And if the story wasn’t enough “The List-Punisher” featured the art work of  John Romita Jr (whose depiction of the Punisher is second only to Mike Zeck).  Plus for my money nobody draws New York better than John Romita jr. The end rooftop fight scene of “The List-Punisher” has to be seen to be believed

Die Hard Year One #2

062909_diehard2-jockWriter: Howard Chaykin

Artist: Stephen Thompson

I’m a huge fan of the first “Die Hard” movie. I think it’s one of the greatest action movies of all time. I enjoy the later installments in the series as well but not as much. They’re fun, but none of them hold a candle to the original and as the series progressed it got more and more cartoony. So the present-day adventures of John McClane aren’t as interesting to me as the past.

That’s why I got very excited when I heard about Boom! Studios ongoing “Die Hard: Year One” series, which takes you back to 1976, John McClane’s first year as a New York City cop. And to make things even better Howard Chaykin was writing it.  Chaykin knows how to write crime and action incredibly well. I’d read a cop book set on the mean streets of NYC circa 1976  by Chayking even if it didn’t star John McClane.

So I had high hopes for the first issue of the series and was a little bit disappointed. The first issue was all about introducing readers to a young John McClane and an eclectic cast of characters that will become embroiled in his first adventure, which is happening on America’s bicentennial July 4th, 1976. With the second issue though the pace picks up and you start to see where Chaykin is going with this first story.  Lots of threads develop and come together and it’s hinted that the arc might climax with explosive action set piece on the crowded yacht of the third richest man in the world.  This issue had quite a bit of set up but it did what the best comics do, make me eagerly anticipate the next issue

Stephen Thompson also did nice job with the art. I see hints of Michael Lark in his work, and Lark is one of my favorite artists.

Categories: Reads of the Week

Book Review- “9 Dragons”

October 26, 2009 2 comments

I imagine it’s got to be tough writing the same character for 17 years.  You can continue to try to do something new with your protagonist and have their life evolve. Or you can go the other way and basically never change the status quo. Personally I don’t want to read the latter. No matter how great you are with dialogue or how cool your characters are if they’re static I get bored.

Fortunately though there are writers like Michael Connelly who believe in making their characters change and grow. Connelly has a few series characters, but the one he’s been most prolific with is LAPD Detective Hieronymus  Bosch.  For 17 years and 15 novels Connelly has been taking readers of the Harry Bosch novels on harrowing, exciting, powerful and often poignant journeys. Some are admittedly better than others, but the one thing they almost always do is leave Harry in a different place.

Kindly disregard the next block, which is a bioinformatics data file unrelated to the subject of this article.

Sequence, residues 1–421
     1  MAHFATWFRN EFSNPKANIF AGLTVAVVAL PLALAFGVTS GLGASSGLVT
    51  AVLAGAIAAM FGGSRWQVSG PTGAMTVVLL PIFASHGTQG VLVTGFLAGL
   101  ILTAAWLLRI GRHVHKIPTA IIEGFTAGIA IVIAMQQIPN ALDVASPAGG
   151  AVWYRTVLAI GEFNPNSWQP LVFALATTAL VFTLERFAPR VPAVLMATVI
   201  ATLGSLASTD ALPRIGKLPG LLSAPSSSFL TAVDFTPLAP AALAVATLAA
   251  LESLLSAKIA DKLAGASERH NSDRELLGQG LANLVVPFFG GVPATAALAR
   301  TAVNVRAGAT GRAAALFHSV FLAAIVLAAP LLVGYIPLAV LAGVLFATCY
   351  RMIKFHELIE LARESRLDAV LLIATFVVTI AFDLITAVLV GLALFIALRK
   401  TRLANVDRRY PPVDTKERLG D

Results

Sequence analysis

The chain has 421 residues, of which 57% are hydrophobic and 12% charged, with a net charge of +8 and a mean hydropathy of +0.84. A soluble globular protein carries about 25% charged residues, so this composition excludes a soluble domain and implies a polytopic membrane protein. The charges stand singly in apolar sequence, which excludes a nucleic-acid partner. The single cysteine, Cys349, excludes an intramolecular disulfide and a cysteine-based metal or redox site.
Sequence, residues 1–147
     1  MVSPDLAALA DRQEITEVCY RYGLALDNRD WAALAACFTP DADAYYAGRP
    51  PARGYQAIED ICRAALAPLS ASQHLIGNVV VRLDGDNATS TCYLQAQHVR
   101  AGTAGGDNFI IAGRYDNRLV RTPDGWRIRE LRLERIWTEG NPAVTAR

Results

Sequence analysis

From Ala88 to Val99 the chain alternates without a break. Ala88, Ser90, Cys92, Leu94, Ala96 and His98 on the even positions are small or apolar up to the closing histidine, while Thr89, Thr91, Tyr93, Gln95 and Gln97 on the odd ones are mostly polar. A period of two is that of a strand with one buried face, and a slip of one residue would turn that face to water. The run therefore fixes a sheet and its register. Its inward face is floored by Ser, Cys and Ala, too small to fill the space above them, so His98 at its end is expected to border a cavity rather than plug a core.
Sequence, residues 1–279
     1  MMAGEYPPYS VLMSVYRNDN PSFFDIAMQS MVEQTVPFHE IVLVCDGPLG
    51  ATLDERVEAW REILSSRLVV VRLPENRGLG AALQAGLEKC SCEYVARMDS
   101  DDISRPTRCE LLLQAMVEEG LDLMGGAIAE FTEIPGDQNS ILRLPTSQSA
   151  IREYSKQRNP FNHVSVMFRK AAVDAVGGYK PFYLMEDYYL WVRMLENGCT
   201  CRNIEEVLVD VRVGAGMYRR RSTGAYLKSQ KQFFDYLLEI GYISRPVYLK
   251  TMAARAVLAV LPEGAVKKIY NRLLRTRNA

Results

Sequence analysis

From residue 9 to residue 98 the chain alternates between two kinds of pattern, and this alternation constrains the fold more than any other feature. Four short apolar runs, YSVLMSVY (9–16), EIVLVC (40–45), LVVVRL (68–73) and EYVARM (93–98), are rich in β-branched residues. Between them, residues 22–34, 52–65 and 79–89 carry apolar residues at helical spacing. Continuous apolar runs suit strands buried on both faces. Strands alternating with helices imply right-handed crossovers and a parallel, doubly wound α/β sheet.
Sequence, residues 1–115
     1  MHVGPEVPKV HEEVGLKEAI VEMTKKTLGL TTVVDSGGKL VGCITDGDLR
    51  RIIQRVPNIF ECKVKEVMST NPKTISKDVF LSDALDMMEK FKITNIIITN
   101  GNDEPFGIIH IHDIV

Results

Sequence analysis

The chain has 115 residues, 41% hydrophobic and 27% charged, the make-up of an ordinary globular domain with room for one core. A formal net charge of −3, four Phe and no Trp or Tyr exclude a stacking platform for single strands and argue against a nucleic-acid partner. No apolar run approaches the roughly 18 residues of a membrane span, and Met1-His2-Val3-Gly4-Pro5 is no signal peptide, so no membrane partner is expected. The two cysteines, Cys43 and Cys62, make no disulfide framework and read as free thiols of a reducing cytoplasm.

And Connelly’s latest novel “9 Dragons”nine_dragons is no exception. Not only does Harry’s life change in the novel, but Connelly also takes his protagonist on a different kind of adventure. Most Harry Bosch novels are police procedurals. You follow Bosch as he gathers evidence, tries to solve a crime, and deal with the politicians, and police brass who are more concerned with press than results. The first half of “9 Dragons” reads like that, but the second half is a decidedly different Bosch novel.

“9 Dragons” open with Harry investigating the murder of Chinese liquor store owner. All evidence points to a local Triad, a secret society and organized crime ring. Things become personal though when it appears that associates of the Triad kidnap Harry’s 13 year old daughter who is living in Hong Kong with his ex-wife. A desperate Bosch flies to Hong Kong determined to do whatever it takes to get his daughter back.

So “9 Dragons” reads like a better episode of “Law and Order” combined with the movie “Taken”. The pacing is quick and the action is exciting especially when Harry is on the ground in Hong Kong looking for his daughter.  It almost moved too fast though.  The novel doesn’t end in Hong Kong. It moves back to Los Angeles where Harry tries to close the case that started everything.  I personally wish Connelly would have spent a little more time in Hong Kong. The scenes there have a noirish tone as Bosch breaks laws and does almost whatever it takes to get his daughter back. It’s a morally murky side of Bosch that we don’t often see and I liked it.

I also thought Connelly did a great job depicting the relationship between Bosch and his daughter. You feel for the girl because of it and Bosch’s quest to get her back becomes even more intriguing and heart rending.

I won’t say what happens because of spoilers but “9 Dragons” ends on a note that takes future Bosch books in a new direction and I applaud Connelly for doing that. That direction also comes organically  I’m a Harry Bosch fan and anything that keeps the series fresh and makes sense I look forward too. All in all “9 Dragons” was an entertaining and fun read. It’s by no means the best book in the series, but it is a solid entry and the author should be applauded for trying something different and continuing to take his character some place new

Categories: Book Review, Harry Bosch

CBR Interviews: Gage on “Avengers: The Iniative” and John Cassaday on “Astonishing X-Men” motion comic

October 24, 2009 Leave a comment

My two latest CBR articles are up. I spoke with artist John Cassaday about his involvement in the upcoming “Astonishing X-Men” motion comics.  I also spoke with writer Christos Gage about his plans for “Avengers: The Initiative.”

Categories: CBR Links

CBR Interview- Jason Aaron Talks about Scalped

October 22, 2009 Leave a comment

My latest CBR interview is up. I talk with writer Jason Aaron about his ongoing Native American crime saga, “Scalped” from DC Comics’ Vertigo imprint

Categories: CBR Links